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The Year the Maps Changed (Danielle Binks, Lothian)

The Year the Maps Changed is Melbourne-based writer Danielle Binks’ debut novel. The year is 1999 and in small-town Sorrento, Victoria, 11-year-old Fred is lost within the complexity of a mixed-up family. Her mother died when she was six, her beloved Pop has now gone away, and her adoptive father Luca and his girlfriend Anika have just announced they’re having a new baby. Just when Fred feels her world can’t get any more complicated, 400 Kosovar Albanian refugees arrive to be housed in a ‘safe haven’ on an isolated headland nearby. As implied by its title, this novel is about how we choose to navigate landscapes—familial, ethical, geographical—that change in ways we cannot always understand or control. As Fred’s life becomes more intertwined with those of the refugees, the novel’s main message shines through: that as individuals and communities we do in fact have the power to form our own opinions and make a collective difference. Binks explores big, timely topics as well as universal themes of friendship and loss in the most sensitive of ways. Brimming with small acts of kindness and with a cast of beautifully diverse and nuanced characters, The Year the Maps Changed is essential reading for middle-grade and adult readers alike.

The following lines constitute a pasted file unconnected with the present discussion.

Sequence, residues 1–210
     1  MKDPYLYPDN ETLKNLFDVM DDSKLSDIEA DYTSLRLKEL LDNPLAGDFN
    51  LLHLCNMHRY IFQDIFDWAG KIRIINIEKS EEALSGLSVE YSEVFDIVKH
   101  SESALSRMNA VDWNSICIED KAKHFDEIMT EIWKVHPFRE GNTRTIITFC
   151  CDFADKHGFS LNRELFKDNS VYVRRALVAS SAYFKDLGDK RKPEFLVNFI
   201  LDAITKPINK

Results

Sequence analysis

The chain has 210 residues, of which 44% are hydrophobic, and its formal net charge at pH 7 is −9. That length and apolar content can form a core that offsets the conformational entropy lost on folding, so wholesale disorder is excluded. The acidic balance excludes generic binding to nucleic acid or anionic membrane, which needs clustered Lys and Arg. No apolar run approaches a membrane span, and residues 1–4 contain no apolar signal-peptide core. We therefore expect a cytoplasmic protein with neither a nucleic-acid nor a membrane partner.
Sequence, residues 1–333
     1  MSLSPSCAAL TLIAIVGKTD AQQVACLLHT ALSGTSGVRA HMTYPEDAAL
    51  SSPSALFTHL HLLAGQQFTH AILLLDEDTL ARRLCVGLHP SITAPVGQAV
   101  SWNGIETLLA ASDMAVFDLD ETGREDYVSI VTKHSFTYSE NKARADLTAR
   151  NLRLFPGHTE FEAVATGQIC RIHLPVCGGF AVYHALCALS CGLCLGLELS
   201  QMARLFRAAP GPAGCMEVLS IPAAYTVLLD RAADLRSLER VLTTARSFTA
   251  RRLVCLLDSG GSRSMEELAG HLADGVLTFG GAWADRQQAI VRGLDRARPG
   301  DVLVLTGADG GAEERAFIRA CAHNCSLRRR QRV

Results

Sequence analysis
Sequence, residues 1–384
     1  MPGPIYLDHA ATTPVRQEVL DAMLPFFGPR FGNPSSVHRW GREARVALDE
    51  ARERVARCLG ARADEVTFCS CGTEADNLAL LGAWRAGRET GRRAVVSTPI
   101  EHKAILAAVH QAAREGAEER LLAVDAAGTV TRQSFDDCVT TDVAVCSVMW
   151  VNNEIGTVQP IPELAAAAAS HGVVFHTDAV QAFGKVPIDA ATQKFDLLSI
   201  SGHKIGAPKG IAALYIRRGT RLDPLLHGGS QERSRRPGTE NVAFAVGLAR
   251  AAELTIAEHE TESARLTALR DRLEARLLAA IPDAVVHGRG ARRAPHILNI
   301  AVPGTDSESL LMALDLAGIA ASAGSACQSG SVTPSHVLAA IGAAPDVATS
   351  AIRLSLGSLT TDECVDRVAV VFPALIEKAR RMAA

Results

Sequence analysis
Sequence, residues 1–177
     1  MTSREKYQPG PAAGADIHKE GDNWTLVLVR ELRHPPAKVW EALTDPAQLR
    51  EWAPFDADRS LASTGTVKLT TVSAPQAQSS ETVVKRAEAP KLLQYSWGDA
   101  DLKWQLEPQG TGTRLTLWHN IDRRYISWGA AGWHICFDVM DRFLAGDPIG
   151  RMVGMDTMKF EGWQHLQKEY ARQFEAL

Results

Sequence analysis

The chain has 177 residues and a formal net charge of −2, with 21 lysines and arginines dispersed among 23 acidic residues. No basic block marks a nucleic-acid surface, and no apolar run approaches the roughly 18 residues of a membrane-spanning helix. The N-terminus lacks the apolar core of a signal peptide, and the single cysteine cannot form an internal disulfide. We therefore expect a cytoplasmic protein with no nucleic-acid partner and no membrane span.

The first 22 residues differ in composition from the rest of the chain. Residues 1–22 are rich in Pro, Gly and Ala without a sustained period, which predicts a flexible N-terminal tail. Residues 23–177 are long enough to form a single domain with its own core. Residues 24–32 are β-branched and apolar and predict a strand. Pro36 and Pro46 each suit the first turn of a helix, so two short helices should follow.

Jacqui Davies is a freelance writer and reviewer based in South Australia


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